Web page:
WCAR ends as final declaration is adopted

Durban- South Africa (PANA) -- The World Conference Against Racism drew to a close on Saturday with the final declaration being adopted despite bitter criticisms by opposing negotiators over the wording of the text dealing with the Middle East issue.
The declaration, which recognised the Palestinians' right to an independent state, was criticised by pro-Israeli camps that said that it was being singled out as a pariah state.
The pro-Palestinian lobby, which fought tooth and nail to have Israel declared an apartheid state, maintained that the wording in the document was not strong enough.
Other countries said the situation in the Middle East had dominated proceedings throughout the weeklong event, drawing attention away from their own issues.
These included the caste system in India and the plight of Tibetans.
However, South Africa's Foreign Affairs minister Nkosasana Dlamini Zuma, who is credited with helping to find a compromise over the Middle East issue, insisted it had to be addressed at the conference.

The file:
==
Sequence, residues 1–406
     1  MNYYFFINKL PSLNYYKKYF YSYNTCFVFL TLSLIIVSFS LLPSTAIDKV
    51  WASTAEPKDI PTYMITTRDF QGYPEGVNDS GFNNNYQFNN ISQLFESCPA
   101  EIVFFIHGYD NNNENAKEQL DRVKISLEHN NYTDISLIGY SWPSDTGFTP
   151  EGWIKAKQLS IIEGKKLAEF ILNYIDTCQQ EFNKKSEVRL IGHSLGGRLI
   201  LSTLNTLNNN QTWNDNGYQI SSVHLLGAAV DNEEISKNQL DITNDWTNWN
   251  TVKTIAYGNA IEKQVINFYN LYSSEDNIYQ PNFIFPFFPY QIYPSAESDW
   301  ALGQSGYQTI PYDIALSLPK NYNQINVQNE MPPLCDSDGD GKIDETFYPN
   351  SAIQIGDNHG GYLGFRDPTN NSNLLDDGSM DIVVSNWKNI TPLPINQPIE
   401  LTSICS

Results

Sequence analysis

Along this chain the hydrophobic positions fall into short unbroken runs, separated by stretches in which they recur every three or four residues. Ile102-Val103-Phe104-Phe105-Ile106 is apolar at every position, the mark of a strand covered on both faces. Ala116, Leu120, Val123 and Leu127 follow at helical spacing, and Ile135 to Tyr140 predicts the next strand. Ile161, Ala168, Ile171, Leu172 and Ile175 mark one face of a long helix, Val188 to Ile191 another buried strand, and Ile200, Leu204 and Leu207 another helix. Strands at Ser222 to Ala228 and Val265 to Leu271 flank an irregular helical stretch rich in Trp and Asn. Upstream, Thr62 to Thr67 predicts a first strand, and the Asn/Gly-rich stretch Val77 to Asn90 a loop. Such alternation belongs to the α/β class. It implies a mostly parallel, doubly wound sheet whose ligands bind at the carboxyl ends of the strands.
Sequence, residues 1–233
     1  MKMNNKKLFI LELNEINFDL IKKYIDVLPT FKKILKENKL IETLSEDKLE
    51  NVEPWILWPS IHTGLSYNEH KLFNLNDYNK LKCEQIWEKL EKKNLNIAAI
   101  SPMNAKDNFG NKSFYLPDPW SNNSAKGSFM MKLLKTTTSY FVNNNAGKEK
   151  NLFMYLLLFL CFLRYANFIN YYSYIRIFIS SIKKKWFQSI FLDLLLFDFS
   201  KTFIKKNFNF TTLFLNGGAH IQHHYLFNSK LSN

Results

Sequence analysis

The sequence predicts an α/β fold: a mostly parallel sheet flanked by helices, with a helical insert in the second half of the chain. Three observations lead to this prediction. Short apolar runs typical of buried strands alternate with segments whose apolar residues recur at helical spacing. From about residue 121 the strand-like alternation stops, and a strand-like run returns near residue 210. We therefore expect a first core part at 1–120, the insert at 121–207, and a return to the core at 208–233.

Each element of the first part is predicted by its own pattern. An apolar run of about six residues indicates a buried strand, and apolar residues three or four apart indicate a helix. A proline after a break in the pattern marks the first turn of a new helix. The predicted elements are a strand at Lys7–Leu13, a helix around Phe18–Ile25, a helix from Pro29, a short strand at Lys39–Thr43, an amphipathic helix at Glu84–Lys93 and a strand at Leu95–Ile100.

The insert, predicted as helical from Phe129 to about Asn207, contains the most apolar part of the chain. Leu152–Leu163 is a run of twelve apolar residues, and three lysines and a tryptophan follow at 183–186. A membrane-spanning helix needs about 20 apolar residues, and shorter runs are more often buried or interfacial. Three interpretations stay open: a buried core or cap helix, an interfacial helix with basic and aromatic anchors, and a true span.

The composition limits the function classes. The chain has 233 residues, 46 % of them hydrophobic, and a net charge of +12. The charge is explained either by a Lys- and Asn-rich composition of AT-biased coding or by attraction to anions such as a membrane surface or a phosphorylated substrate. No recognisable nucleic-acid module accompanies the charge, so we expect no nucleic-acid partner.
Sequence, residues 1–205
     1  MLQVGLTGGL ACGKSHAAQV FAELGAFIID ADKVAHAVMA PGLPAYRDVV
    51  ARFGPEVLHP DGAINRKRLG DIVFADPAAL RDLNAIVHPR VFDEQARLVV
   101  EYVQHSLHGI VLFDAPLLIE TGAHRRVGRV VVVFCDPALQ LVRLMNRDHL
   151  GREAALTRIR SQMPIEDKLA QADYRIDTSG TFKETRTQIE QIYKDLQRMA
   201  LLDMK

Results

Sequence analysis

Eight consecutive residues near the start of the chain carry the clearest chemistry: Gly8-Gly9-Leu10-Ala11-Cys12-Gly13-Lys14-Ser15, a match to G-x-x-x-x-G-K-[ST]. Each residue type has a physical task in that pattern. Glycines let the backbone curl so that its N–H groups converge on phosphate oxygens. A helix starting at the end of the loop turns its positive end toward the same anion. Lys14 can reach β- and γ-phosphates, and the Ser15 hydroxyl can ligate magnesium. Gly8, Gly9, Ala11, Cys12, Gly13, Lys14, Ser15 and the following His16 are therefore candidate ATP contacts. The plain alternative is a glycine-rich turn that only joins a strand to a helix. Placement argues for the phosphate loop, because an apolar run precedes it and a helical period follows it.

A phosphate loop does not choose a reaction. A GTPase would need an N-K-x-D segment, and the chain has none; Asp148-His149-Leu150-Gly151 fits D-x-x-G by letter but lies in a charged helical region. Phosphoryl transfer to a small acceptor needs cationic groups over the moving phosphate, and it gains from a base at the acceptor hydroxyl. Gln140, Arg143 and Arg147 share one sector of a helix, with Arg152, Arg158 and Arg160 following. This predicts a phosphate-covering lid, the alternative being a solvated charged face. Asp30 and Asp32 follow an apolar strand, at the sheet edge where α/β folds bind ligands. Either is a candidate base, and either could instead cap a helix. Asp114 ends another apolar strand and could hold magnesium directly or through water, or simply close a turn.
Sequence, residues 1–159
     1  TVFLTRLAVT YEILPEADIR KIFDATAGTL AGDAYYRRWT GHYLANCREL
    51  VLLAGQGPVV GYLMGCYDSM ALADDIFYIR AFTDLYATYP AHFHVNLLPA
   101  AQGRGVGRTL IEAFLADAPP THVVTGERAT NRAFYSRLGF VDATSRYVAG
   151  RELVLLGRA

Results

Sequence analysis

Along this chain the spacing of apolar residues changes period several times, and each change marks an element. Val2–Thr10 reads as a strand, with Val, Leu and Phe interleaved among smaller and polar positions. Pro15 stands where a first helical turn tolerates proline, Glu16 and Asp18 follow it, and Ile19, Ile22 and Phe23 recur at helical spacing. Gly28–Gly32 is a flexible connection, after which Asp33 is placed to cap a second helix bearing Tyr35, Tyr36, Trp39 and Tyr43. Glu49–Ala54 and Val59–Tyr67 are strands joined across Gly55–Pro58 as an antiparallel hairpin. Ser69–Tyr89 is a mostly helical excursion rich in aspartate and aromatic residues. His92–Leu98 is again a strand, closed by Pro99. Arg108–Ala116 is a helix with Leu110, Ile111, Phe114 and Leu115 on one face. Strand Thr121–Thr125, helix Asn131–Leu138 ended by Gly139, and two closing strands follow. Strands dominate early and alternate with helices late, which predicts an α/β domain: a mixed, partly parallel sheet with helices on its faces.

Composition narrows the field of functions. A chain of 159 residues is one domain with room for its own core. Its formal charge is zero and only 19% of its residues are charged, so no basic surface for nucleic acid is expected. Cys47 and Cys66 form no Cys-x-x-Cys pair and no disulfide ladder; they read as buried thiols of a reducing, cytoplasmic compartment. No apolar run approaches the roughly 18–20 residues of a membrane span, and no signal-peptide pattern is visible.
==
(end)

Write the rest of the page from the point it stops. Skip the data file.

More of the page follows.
"The subjects we discussed were very difficult and painful to confront, but they do need to be confronted," she said at the final plenary on Saturday afternoon.
Delegates also expressed satisfaction at the eleventh-hour breakthrough over the slavery issue.
The deadlock was broken in the early hours of Saturday when European Union and African negotiators agreed that slavery be recognised as a crime against humanity, particularly the transatlantic slave trade which impacted on millions of Africans.
The declaration will now state that Africans and people of African descent, Asians and people of Asian descent and indigenous people were the victims, and continue to be victims of those practices.
Britain welcomed the final declaration with its junior Foreign Office minister Baroness Valerie Amos saying she was pleased that agreement had been reached and that the priority now was to move forward.
"The conference was an important opportunity for the international community to find ways of combating racism and xenophobia," Amos said, adding "Durban was a step in this direction and I am pleased that we have been able to reach agreement".

08 september 2001 19:54:00




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